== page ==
Tagging kdesupport projects

Andreas Pakulat apaku at gmx.de
Mon Sep 1 14:00:18 BST 2008

On 01.09.08 14:45:23, Sebastian Trüg wrote:
> On Monday 01 September 2008 14:15:42 Harri Porten wrote:
> > On Mon, 1 Sep 2008, Sebastian Trüg wrote:
> > > Actually, no. At least I still do not get it. The way I understand it is
> > > this: Whenever there is a KDE release, be it alpha, beta, or final, we
> > > need a Soprano release as a dependency. So far this has always been the
> > > case. KDE 4.0 uses Soprano 2.0 (but can also use 2.1 since its BC), 4.1
> > > is based on Soprano 2.1 (currently 2.1.1 is the latest stable release,
> > > check soprano.sf.net), and 4.2 will be based on Soprano 2.2 (currently
> > > developed in trunk).
> > > But I don't see why we need a release "just" to build trunk. Thrunk
> > > changes all the time. I have no intention of building snapshots myself
> > > all the time. I have no problem with an automated system for that though.
> > > ;)
> > > So, if you want to create a KDE release you will of course get a Soprano
> > > release, too. But before that.... why?
> >
> > Because its a pain for all developers working on trunk. One never knows
> > whether all of kdesupport needs to be updated and re-build too. And which
> > branch to use for that.
> >
> > In order to not constantly break things for other developers a developer
> > of non-KDE and KDE relying on it should
> >
> > * Version the non-KDE code in a way that it's clear to developers of KDE
> > code that a requirement is not met.
> >
> > * In the intermediate phase develop the KDE code in a development branch
> >
> > * Or simply put all of it into the main KDE modules.
> >
> > I have to say that I find the tendency to move hard-requirement libraries
> > (targetted at KDE mostly) into kdesupport a bit disturbing. It could have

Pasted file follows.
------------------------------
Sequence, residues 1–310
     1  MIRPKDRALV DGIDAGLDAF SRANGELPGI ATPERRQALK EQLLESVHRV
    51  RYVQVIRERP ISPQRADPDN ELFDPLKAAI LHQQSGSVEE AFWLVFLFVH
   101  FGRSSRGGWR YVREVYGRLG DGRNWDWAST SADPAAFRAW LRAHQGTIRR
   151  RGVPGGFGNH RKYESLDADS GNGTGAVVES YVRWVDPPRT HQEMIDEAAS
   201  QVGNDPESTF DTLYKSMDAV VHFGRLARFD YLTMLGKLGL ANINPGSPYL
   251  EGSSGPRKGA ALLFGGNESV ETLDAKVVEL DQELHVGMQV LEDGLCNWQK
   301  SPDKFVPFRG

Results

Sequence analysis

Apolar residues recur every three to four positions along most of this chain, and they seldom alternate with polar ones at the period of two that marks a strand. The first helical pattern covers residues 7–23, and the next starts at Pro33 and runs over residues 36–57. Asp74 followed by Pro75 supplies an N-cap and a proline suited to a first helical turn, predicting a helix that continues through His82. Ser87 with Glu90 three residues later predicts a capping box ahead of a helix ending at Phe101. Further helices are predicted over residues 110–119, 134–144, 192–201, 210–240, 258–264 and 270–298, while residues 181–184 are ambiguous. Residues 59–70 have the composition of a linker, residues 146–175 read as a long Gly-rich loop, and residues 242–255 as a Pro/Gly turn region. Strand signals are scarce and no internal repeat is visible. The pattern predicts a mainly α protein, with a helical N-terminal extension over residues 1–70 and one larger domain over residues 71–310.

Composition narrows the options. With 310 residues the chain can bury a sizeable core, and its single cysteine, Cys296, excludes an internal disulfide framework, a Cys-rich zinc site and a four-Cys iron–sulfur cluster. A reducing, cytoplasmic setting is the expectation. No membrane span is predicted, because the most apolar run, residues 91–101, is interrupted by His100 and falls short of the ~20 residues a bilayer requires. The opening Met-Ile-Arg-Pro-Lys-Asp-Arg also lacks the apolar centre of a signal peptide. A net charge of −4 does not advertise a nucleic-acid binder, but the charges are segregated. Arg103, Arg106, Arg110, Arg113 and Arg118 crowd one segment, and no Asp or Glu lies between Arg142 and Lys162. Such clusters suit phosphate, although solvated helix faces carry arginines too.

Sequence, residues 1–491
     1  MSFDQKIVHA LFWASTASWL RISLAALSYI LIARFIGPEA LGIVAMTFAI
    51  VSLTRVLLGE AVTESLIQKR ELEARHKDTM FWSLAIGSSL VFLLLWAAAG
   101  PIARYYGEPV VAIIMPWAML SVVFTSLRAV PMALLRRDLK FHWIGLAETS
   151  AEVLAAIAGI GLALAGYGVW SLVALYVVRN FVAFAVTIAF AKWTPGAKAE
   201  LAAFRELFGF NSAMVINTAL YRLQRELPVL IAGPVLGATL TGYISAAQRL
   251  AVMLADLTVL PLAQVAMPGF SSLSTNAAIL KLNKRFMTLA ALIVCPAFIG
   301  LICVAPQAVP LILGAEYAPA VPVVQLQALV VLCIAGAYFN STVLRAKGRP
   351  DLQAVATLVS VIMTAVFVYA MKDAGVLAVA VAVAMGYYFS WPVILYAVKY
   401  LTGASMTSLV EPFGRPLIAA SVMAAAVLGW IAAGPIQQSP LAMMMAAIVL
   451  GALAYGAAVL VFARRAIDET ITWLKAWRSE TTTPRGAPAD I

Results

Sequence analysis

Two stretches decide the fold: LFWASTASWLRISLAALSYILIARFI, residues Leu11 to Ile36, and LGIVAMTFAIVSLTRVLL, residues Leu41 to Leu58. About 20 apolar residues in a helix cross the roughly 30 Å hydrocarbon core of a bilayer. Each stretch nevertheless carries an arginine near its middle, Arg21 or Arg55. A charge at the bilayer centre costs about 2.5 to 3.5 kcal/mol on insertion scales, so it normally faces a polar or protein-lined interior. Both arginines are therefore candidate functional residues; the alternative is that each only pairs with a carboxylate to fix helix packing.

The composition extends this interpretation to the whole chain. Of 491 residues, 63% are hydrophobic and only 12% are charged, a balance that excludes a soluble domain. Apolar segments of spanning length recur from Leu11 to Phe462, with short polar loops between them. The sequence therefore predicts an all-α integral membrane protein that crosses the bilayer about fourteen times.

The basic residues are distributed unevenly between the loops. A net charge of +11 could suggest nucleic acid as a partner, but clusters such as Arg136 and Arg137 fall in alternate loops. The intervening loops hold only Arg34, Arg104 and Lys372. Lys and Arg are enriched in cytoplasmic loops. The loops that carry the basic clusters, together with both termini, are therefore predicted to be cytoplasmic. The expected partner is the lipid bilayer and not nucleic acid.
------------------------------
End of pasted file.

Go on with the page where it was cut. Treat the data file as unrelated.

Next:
> > been done with KJS too (its only requirements are libstdc++, libstdc and
> > pcre) but I found it counter-productive. Instead I favor development
> > within KDE. Seperate packages for non-KDE use can always be produced.
> >
> > Harri.
> I don't get the problem. It is so simple: on mondays it is possible that stuff 
> breaks. thus, when it does, simply update kdesupport to trunk and keep on. 
> You need to do the exact same thing with kdelibs. There are no multiple 
> branches you need to choose from. There is trunk for bleeding edge developers 
> and there are the releases in case you are an app developer who "only" needs 
> KDE 4.0 or 4.1. There is absolutely nothing complicated about that. If you 
> can compile kdelibs, you can also compile kdesupport, it is much smaller.

I'm with Sebastian here, I've always built kdesupport from trunk and
I've seen far less problems with those parts than any other module I
build from trunk. If its time-consuming for anybody to build kdesupport
he/she doesn't use the right tools to do it. Personally I'm using
kdesvn-build, but basically any fire-and-forget bash script that just
iterates over the dirs, svn up's and re-runs make should do. And thats
something you can issue before having your dinner and its finished when
you get back. I'm never actually building anything except parts of
kdevelop when I'm hacking. Any other updates need to wait until I get to
bed or get up next morning - so building is done when I don't need the

As far as knowing which version of a kdesupport library is needed for
KDE 4.x (where x is a released version), this should already be enforced
properly by our build-scripts - if not thats an error in those CMake
files. Obviously a human readable list would be nice to know before
starting the compile process.


If your life was a horse, you'd have to shoot it.

More information about the kde-core-devel mailing list